Bust of Louis XIV (Bernini)

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Bust of Louis XIV
Château de Versailles, salon de Diane, buste de Louis XIV, Bernin (1665) 03 black bg.jpg
Artist Gian Lorenzo Bernini
Year 1665 (1665)
Catalogue 70
Type Sculpture
Material Marble
Subject Louis XIV of France
Dimensions 80 cm (31 in)
Location Palace of Versailles, Versailles
Coordinates Coordinates: 48°48′15.8″N 2°7′23.3″E / 48.804389°N 2.123139°E / 48.804389; 2.123139

The Bust of Louis XIV is a marble portrait by the Italian artist Gian Lorenzo Bernini. It was created in the year 1665 during Bernini's visit to Paris. This sculptural portrait of Louis XIV of France has been called the "grandest piece of portraiture of the baroque age".[1] The bust still remains at the Versailles Palace.

Commissioning[edit]

Bernini had been invited to Paris as part of a larger diplomatic exchange between the Papacy and France. The ostensible reason for the visit was to create new designs for the Louvre Palace, but the young king Louis XIV had declared he also desired a portrait bust.[2] Bernini’s designs for the Louvre did not go down well and were not acted upon; indeed their failure to be accepted was a reflection of the general antagonism between the Italian Bernini and certain members within the French court. However, the portrait bust, which depended upon a more personal relationship between the king and the artist, was completed and largely considered a great success.[1]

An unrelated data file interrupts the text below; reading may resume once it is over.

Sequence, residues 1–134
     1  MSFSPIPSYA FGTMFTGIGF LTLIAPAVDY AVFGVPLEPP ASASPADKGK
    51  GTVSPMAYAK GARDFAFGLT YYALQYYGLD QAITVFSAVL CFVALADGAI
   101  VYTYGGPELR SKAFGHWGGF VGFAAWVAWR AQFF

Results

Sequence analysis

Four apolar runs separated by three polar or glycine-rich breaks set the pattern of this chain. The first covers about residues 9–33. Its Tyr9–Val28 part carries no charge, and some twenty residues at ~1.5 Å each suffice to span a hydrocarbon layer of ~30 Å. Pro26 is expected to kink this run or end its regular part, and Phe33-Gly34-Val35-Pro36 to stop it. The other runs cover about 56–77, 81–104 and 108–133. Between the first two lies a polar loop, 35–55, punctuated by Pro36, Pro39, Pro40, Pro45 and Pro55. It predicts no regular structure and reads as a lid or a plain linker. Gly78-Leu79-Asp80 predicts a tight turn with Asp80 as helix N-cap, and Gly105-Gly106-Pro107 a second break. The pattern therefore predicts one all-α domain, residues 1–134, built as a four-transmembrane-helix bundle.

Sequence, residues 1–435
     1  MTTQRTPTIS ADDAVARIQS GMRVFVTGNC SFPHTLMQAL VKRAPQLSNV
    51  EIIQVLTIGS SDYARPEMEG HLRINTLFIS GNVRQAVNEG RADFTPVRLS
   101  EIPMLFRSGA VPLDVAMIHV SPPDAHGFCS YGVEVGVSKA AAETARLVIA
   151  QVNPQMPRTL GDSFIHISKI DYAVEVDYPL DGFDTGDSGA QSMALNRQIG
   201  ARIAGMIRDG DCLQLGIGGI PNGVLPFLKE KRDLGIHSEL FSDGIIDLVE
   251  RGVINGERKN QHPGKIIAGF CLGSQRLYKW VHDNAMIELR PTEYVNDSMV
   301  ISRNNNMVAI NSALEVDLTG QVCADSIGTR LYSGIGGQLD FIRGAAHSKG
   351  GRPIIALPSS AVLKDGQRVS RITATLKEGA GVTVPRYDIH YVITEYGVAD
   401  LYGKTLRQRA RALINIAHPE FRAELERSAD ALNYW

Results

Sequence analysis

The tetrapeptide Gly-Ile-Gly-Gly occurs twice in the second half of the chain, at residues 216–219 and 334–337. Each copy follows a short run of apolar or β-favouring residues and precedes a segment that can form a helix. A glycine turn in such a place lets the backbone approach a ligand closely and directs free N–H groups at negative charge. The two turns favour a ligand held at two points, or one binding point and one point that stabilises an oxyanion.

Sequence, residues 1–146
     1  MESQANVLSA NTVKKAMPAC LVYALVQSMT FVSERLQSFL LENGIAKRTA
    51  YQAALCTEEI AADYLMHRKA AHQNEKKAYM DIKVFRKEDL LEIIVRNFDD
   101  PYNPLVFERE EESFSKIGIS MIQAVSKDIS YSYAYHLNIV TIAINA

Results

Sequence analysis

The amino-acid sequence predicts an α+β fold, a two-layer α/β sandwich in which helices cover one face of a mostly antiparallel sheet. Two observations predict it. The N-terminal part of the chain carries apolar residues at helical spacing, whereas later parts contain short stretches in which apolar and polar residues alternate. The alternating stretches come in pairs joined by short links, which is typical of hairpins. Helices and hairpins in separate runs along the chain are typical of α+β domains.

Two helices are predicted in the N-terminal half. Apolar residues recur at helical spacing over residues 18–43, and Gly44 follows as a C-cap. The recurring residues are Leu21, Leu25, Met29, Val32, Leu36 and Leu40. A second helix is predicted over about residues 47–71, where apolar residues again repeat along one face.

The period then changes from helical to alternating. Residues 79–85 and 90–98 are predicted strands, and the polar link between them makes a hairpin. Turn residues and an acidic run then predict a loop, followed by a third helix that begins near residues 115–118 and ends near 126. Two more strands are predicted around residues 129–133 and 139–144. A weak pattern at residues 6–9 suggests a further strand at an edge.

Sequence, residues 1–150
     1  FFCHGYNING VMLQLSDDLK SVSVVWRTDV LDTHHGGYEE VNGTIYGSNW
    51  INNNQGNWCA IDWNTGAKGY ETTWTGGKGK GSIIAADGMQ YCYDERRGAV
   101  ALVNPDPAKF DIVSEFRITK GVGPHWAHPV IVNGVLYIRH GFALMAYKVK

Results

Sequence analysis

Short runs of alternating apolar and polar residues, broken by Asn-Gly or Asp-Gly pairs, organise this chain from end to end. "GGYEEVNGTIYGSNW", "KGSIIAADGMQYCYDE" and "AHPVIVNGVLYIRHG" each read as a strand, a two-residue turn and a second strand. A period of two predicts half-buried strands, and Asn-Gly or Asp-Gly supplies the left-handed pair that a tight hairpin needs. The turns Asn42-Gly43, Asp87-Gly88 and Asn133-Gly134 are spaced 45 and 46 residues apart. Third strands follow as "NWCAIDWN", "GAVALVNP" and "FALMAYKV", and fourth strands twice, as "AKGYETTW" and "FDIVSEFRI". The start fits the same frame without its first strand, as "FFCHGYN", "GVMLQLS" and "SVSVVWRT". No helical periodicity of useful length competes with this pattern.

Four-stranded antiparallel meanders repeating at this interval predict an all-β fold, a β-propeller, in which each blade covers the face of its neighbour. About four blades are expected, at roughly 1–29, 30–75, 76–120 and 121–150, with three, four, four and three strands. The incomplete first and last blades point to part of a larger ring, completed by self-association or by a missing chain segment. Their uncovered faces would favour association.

Creation[edit]

The creation of the bust is incredibly well documented, thanks to efforts of the French diarist Paul Fréart de Chantelou, a steward at the court of Louis XIV, who befriended Bernini during his time in Paris.[3]

The bust took just over three months to carve. Once potential blocks of marble had been selected, Bernini began by taking drawings (none of which survive[4]) and small clay models of the king.,[5] However, it seems that once he had done this initial work, Bernini chose to work only during sittings with the king. His pupil, Giulio Cartari, began work on carving down the chosen block of marble (and would later do much of the drapery work[6]), and then Bernini took over, taking forty days to complete the work. He had hoped to have twenty sittings with the king during the final carving process, but in fact there were thirteen of around one hour each.[7]

Bernini's son and biographer, Domenico Bernini, noted the artistic arguments of his father as to why the King agreed to sit for such a length of time, explaining that the artist preferred to work from Truth (i.e. real life) rather than rely on the unnecessary imaginative extras that would creep into working from sketches. Equally, Bernini wanted to see the king, as he did many of this other sitters, not remaining immobile, but sitting and talking in such as way that Bernini could capture all his characteristics.[8] Such an approach, with Bernini wishing to capture the figure in physical and psychological motion, was a common element of Bernini’s work: “mere resemblance is inadequate. One must express what goes on in the heads of heroes,” Bernini is recorded as saying. Bernini also observed the king in other locations - playing tennis, resting after lunch, or simply walking around court.[9]

Baldinucci records numerous events that advertise Bernini’s supposed influence on French culture, including one incident where Bernini’s rearranged the King’s hair to give greater exposure to the King’s brow - the new stye was apparently followed by all at the French court, and became known as the Bernini modification.[10]

Conception[edit]

Sculpted late in his career, the bust’s grand nature, with its dramatic drapery and regal nature can be seen as a continuation of the bust Bernini executed for Francesco I D’Este.